HTML and CSS Reference
class GoogleSearch < Test::Unit::TestCase
@verification_errors = 
@selenium = $selenium
@selenium = Selenium::SeleneseInterpreter.new("localhost",
4444, *firefox", "http://localhost:4444", 10000);
@selenium.stop unless $selenium
assert_equal , @verification_errors
@selenium.type "q", "elliotte"
@verification_errors << $!
Getting Started with Tests
Because you're refactoring, you already have a web site or application; and if it's like most I've seen, it has
limited, if any, front-end tests. Don't let that discourage you. Pick the tool you like and start to write a few tests
for some basic functionality. Any tests at all are better than none. At the early stages, testing is linear. Every
test you write makes a noticeable improvement in your code coverage and quality. Don't get bogged down
thinking you have to test everything. That's great if you can do it, but if you can't, you can still do something.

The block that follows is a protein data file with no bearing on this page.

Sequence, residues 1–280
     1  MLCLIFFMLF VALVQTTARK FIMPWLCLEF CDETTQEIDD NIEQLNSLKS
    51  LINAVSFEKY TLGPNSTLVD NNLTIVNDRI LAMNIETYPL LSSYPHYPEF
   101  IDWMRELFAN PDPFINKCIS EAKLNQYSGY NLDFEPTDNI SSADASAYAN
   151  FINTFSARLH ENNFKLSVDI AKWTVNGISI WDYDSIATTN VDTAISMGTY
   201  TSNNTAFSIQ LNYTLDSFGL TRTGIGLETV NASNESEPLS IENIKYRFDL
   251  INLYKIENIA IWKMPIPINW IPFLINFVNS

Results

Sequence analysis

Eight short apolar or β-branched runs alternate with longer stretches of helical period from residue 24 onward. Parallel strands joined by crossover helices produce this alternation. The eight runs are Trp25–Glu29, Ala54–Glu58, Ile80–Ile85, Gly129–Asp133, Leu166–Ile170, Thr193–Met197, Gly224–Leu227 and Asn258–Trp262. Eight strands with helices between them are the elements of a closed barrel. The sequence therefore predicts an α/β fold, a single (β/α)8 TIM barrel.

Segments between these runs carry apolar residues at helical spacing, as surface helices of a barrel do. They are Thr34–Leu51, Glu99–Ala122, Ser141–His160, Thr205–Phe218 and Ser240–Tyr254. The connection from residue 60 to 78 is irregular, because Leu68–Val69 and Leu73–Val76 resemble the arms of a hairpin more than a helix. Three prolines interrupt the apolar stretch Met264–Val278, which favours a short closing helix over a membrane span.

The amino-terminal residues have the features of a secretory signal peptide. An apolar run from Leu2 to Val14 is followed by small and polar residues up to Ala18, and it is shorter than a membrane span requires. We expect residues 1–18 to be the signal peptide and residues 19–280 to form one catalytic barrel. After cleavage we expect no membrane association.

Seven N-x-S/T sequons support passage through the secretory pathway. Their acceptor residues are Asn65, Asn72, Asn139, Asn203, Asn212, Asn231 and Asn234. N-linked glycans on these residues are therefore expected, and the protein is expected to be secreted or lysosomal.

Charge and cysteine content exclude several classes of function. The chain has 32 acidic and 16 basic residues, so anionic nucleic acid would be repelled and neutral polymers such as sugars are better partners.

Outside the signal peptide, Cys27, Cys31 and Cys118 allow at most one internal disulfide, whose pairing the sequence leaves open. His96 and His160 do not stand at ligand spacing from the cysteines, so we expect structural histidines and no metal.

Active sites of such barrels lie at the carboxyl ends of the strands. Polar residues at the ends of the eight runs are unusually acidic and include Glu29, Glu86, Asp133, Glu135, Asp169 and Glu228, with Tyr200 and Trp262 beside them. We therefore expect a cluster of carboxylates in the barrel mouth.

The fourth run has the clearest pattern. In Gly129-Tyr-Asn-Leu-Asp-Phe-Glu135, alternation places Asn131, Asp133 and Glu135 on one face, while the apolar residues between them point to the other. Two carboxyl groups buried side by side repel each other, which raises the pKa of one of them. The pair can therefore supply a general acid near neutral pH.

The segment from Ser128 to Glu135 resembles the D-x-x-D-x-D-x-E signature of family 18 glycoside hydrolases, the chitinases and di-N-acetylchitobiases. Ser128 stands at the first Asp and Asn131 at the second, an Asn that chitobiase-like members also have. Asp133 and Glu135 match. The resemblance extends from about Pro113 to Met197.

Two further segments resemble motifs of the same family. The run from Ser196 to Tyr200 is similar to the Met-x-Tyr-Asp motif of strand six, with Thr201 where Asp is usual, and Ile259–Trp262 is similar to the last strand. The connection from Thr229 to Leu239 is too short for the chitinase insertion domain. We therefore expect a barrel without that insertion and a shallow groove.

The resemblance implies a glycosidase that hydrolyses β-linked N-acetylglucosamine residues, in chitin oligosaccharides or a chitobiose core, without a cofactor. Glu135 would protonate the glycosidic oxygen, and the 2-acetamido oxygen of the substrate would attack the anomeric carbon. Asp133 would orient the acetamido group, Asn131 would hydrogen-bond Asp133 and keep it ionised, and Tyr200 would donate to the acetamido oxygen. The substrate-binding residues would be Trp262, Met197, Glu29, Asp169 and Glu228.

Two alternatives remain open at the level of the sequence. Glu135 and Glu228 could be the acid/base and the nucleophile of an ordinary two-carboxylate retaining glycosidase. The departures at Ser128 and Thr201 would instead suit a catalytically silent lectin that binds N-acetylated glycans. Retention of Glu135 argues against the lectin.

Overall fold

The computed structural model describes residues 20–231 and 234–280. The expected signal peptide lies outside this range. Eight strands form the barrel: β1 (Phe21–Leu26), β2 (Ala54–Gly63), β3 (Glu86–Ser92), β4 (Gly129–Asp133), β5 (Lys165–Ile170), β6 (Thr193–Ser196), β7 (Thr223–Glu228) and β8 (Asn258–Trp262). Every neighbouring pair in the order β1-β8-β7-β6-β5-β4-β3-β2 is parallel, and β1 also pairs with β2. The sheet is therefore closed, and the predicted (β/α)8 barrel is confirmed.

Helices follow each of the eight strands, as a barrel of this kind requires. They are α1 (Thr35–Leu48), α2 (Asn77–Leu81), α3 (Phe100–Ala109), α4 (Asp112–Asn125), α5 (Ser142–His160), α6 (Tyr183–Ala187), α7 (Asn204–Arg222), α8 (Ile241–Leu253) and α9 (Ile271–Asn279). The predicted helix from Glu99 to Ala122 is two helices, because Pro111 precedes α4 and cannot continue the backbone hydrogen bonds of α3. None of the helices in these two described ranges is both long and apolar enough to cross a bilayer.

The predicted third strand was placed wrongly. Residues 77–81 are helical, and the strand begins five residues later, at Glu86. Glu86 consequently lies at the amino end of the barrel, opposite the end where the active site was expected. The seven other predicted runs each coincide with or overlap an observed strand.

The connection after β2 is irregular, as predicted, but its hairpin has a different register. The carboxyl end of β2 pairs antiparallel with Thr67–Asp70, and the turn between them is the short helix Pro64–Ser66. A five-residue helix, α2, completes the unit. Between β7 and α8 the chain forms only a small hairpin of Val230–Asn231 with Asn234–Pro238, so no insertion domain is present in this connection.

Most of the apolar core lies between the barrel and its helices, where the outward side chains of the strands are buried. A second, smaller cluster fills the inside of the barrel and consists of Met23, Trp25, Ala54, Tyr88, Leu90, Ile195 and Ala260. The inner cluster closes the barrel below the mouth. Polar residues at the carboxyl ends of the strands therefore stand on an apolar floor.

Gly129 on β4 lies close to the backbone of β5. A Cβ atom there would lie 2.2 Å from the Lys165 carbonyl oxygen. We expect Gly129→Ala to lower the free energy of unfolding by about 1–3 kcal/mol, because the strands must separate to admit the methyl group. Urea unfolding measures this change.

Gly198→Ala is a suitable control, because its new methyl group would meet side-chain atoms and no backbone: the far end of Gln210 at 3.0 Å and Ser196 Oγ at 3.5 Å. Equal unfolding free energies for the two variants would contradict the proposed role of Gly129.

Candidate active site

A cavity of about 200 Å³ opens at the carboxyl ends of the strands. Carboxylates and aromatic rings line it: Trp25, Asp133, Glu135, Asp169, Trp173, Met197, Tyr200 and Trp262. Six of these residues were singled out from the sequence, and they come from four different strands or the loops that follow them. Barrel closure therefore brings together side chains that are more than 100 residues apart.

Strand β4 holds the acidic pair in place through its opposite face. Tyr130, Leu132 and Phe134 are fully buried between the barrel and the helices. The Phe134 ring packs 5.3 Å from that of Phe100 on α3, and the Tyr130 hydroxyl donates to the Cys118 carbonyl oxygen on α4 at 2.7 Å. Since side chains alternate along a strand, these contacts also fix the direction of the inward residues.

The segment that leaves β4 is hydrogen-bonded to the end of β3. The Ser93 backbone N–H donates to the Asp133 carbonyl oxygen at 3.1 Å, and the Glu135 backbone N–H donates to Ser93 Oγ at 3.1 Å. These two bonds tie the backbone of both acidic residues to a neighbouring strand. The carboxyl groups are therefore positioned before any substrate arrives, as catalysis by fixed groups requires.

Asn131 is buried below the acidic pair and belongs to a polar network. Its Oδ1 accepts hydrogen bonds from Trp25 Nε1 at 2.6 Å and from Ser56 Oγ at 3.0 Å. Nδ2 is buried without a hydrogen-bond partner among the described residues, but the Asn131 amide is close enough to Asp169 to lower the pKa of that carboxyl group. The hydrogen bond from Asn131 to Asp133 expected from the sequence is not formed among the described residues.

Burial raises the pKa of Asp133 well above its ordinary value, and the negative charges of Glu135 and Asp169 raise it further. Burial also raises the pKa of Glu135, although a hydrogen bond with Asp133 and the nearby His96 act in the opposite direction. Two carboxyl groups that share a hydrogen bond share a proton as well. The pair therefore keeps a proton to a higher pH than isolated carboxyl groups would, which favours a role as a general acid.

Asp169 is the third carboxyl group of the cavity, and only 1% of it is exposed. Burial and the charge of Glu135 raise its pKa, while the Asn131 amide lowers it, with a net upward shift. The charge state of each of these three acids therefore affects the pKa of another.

Before refactoring a particular page, subdirectory, or path through a site, take an hour and write at least two or
three tests for that section. If nothing else, these are smoke tests that will let you know if you totally muck up
everything. You can expand on these later when you have time.
If you find a bug, by all means write a test for the bug before fixing it. That will help you know when you've
fixed the bug, and it will prevent the bug from accidentally reoccurring in the future after other changes.
Because front-end tests aren't very unitary, it's likely that this test will indirectly test other things besides the
specific bit of buggy code.
Finally, for new features and new developments beyond refactoring, by all means write your tests first. This will
guarantee that the new parts of the site are tested, and tests will often leak over into the older pages and
scripts as well.